Tariff Can Go Lower Even Without Gas Subsidy


I refer to a series of recent statements by government ministers on a possible increase of electricity tariff expected in June 2011.

The issue of electricity tariff in Malaysia is inextricably linked to the lopsided agreements forced onto Tenaga Nasional Berhad (TNB) with the independent power producers (IPPs) especially the first generation IPPs.

The former CEO of TNB, Tan Sri Ani Arope had gone on record to protest the exorbitant electricity price charged by IPPs to TNB. The reported price range of 13.7 sen to 15.5 sen per kWh charged by IPPs to TNB was even higher than TNB’s own generation cost, effectively forcing TNB to buy electricity at a bumper price. The price was also fixed for the duration of the agreement using a higher inflation adjusted price of power in the early years, thus allowing the IPPs to make bigger profits during the early years to recoup their investments at the quickest possible time.

The agreements also shield the IPPs from any risk of fuel (natural gas, diesel and coals) price increase which were passed to TNB to bear. Subsequently, this arrangement has caused PETRONAS to produce and buy natural gas at a much higher market price and sell to TNB/IPPs at a fixed subsidised price. The cost for this gas subsidy has ballooned to an estimated RM22 billion annually (at the current crude oil and natural gas market prices).

The final result of this complex and lopsided arrangements is the relatively disproportionate high electricity tariff paid for by the Malaysian public. The combined costs of higher electricity price charged by IPPs to TNB and the scheme for early repatriation of profits by IPPs had all been passed to the public – either by a direct increase in the electricity tariff or the financial loss from the gas subsidy provided to TNB/IPPs in the name of keeping the tariff low.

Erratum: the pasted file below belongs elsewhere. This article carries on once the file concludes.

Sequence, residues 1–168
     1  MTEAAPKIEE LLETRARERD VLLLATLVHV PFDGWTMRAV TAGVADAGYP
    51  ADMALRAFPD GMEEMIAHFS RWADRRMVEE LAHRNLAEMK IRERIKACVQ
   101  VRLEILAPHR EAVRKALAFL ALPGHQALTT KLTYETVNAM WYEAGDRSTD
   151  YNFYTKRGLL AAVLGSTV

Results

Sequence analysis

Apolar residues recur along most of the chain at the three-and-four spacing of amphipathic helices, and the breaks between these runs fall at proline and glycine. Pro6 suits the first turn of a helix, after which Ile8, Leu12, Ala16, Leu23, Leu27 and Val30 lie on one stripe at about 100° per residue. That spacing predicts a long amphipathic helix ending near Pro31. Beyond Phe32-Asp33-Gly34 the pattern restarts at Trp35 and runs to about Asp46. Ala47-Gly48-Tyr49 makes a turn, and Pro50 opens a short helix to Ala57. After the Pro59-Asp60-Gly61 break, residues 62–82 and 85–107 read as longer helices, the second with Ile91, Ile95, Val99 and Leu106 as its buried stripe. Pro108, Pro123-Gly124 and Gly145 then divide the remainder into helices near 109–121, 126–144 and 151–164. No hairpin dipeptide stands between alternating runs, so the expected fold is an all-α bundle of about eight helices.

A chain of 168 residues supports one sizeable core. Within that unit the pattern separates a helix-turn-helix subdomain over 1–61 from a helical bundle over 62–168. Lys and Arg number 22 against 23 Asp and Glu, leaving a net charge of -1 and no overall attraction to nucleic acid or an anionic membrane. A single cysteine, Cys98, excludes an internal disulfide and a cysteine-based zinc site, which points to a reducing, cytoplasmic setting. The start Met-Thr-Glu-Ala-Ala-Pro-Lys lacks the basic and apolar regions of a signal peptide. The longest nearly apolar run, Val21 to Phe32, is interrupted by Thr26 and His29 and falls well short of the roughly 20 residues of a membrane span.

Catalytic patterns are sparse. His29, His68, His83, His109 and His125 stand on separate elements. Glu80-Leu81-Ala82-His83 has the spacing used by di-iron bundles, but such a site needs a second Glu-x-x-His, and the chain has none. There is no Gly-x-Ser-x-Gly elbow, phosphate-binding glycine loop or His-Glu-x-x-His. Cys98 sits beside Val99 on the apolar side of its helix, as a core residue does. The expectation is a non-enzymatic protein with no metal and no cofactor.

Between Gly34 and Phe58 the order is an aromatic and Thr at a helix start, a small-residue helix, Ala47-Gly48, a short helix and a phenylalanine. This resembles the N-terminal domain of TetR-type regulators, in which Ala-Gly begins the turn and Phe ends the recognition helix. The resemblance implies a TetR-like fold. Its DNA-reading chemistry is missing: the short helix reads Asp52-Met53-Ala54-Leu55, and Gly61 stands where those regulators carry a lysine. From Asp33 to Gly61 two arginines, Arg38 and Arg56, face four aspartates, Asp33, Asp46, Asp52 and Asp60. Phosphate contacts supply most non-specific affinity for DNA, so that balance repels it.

Unfortunately, for a country which heavily subsidises the power generation sector by way of cheap natural gas, Malaysia’s electricity tariff is actually higher than Thailand’s whose power producers buy the natural gas at market price (currently three times higher than the subsidised natural gas prices in Malaysia).

A residential consumer in Thailand only pays 18 sen per kWh for the first 150 kWh used; compared to Malaysia’s tariff for equivalent usage of 22 sen per kWh. That is a difference of 22% higher tariff in Malaysia.

Similarly, retail customers under the category of “low voltage commercial tariff” also pay higher tariff in Malaysia compared to the equivalent electricity consumption in Thailand. The tariff is 37 sen per kWh in Malaysia, 48% higher than Thailand’s tariff of 25 sen per kWh for the same category of consumption.

Therefore, it has been my contention all along that the estimated RM22 billion (RM 19 billion, 1999)  gas subsidy provided to the IPPs/power generation sector does not reach the intended end users. Instead, it only benefitted the well connected businessmen and cronies over the years and robbed the country of the financial muscle to rein in inflation and expedite the right model of industrialisation and development.

It is in this perspective that I call upon the Federal Government to do justice by reviewing the price of power charged to TNB by the IPPs, including the dismantling of fixed charge elements such as stand-by and fixed capacity charges that had increased the cost of electricity in Malaysia significantly.

23rd MAY 2011